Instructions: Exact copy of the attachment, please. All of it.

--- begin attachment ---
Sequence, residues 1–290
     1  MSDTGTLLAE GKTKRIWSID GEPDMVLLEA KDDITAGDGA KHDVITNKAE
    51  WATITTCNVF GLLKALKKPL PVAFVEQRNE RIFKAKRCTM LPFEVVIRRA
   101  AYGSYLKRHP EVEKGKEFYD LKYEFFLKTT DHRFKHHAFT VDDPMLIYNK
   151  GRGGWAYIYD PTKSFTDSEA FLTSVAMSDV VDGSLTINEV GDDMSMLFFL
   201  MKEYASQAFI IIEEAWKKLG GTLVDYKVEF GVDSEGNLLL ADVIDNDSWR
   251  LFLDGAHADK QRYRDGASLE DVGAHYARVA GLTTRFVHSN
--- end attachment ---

Sequence, residues 1–290
     1  MSDTGTLLAE GKTKRIWSID GEPDMVLLEA KDDITAGDGA KHDVITNKAE
    51  WATITTCNVF GLLKALKKPL PVAFVEQRNE RIFKAKRCTM LPFEVVIRRA
   101  AYGSYLKRHP EVEKGKEFYD LKYEFFLKTT DHRFKHHAFT VDDPMLIYNK
   151  GRGGWAYIYD PTKSFTDSEA FLTSVAMSDV VDGSLTINEV GDDMSMLFFL
   201  MKEYASQAFI IIEEAWKKLG GTLVDYKVEF GVDSEGNLLL ADVIDNDSWR
   251  LFLDGAHADK QRYRDGASLE DVGAHYARVA GLTTRFVHSN